GRANITE CITY — Madison County officials will be taking stock this weekend of damage caused by flash flooding to Granite City homes and businesses.
Last month, approximately 9 inches of rain dumped on the Granite City area, causing severe flash flooding in Chouteau, Nameoki, Granite City and Venice townships. The “freak” storm damaged more than 1,000 homes and left many residents with flooded yards and basements, or homeless. Now, the city is trying to get a handle on the extent of the damage.
“We didn’t have a lot of public infrastructure that was damaged, it was just so much rain in so little time causing damage to homes and businesses,” said Tony Falconia, interim director of the Madison County Emergency Management Agency. “That’s what we’re going to do damage assessments on.”
Homes and businesses that are assessed will then apply for a loan through the Small Business Administration. Falconia stressed, as with any application, not all will be eligible.
“This is no guarantee,” he said. “It’s part of the process.”
Falconio said the flash flooding was an “oddity,” due to the sheer amount of rain that was dumped onto the area. He said he couldn’t think of a city that’s drainage system could handle 9 inches of rain in a few hours.
“It was definitely an oddity. It was a freak of nature,” Falconio said. “Granite City has some older infrastructure but any time you get over 9 inches of rain in a few hours you’re going to have flooding.”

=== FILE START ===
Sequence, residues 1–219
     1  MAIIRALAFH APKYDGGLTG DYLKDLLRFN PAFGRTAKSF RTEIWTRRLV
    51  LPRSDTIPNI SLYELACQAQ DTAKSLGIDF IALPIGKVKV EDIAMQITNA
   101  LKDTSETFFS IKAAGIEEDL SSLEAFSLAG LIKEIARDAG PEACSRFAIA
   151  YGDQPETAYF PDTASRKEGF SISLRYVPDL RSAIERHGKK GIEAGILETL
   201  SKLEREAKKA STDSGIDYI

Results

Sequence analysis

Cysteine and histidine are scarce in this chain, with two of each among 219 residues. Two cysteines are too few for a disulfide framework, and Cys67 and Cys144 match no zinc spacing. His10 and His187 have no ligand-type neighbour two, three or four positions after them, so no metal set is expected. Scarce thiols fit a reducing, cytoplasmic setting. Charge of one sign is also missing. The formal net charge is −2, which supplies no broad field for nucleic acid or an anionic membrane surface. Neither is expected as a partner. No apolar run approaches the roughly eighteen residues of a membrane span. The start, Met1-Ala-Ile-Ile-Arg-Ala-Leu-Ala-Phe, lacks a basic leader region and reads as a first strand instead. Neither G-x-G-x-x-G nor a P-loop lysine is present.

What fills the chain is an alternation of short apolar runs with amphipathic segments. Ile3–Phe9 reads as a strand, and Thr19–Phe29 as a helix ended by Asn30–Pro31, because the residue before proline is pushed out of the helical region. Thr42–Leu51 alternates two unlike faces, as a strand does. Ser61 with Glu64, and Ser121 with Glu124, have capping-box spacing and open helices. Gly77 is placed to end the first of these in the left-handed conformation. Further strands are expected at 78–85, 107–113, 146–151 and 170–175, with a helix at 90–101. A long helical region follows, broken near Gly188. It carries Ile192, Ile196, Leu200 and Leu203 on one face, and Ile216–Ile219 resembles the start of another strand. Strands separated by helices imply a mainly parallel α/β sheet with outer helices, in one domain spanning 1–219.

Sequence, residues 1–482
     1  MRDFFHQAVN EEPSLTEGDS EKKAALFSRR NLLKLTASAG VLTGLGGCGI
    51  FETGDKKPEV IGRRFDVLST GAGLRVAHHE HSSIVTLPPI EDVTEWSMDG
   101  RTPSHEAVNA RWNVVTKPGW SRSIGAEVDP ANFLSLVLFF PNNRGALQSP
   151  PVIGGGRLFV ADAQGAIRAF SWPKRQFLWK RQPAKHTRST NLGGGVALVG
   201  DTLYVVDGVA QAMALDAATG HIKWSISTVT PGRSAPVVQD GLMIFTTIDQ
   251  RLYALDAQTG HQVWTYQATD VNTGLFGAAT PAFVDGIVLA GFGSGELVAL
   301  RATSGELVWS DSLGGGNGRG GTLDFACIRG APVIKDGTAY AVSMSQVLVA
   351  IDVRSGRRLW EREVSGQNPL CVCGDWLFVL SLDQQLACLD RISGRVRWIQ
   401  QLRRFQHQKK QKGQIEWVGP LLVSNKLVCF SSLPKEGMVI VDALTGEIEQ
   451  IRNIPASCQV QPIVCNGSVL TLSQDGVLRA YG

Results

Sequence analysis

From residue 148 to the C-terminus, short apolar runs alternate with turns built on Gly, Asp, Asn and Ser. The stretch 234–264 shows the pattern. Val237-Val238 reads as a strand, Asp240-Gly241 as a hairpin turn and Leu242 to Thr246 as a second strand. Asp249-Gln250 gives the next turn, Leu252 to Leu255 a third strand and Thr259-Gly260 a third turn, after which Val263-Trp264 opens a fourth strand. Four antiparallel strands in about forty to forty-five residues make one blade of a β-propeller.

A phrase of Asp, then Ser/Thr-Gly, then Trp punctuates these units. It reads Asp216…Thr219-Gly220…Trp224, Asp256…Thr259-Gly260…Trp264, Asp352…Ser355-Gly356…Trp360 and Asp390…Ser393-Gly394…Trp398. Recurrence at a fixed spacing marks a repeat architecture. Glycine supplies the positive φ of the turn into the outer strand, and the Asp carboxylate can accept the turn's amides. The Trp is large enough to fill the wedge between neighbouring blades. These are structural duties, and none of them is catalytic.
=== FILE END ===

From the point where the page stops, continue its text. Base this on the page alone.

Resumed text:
Damage assessment teams are expected to begin reviewing properties damaged during the flooding on Friday. Falconia said teams will be speaking with homeowners about the extent of the damage caused by the storm.
The assessments will take place over the weekend and only the exterior of the structures will be inspected.
Falconio said residents don’t need to be home but said that if they are it would be helpful.
“We understand people may not be home,” Falconia said. “If you’re not home, don’t worry about it. “
In August, city officials asked residents and business owners to call 211 to report damage to their their properties while the local United way collected data provided to the county EMA to determine assessment areas.
Falconio said while 211 information is helpful, it isn’t the only information the county is using. He said residents can be assured that if they have damage, the EMA will assess their properties.
He said after the assessments are done, home and business owners will have an opportunity to apply for loans to help get them “back on their feet.”
The county is seeking to apply for assistance from the Small Business Administration for low-interest loans for those affected by the flash flooding. Falconia said those loans are aimed to help families and businesses recover from disasters.
Kavahn Mansouri covers government accountability for the Belleville News-Democrat, holding officials and institutions accountable and tracking how taxpayer money is spent.
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